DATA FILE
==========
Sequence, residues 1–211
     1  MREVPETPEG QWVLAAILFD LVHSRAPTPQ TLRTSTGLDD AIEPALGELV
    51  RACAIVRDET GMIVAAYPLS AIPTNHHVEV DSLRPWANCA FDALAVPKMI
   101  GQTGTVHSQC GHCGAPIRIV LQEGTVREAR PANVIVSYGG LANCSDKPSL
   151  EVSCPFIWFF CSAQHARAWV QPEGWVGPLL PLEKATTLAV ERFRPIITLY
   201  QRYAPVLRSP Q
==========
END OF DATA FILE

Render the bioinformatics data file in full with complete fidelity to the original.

Sequence, residues 1–211
     1  MREVPETPEG QWVLAAILFD LVHSRAPTPQ TLRTSTGLDD AIEPALGELV
    51  RACAIVRDET GMIVAAYPLS AIPTNHHVEV DSLRPWANCA FDALAVPKMI
   101  GQTGTVHSQC GHCGAPIRIV LQEGTVREAR PANVIVSYGG LANCSDKPSL
   151  EVSCPFIWFF CSAQHARAWV QPEGWVGPLL PLEKATTLAV ERFRPIITLY
   201  QRYAPVLRSP Q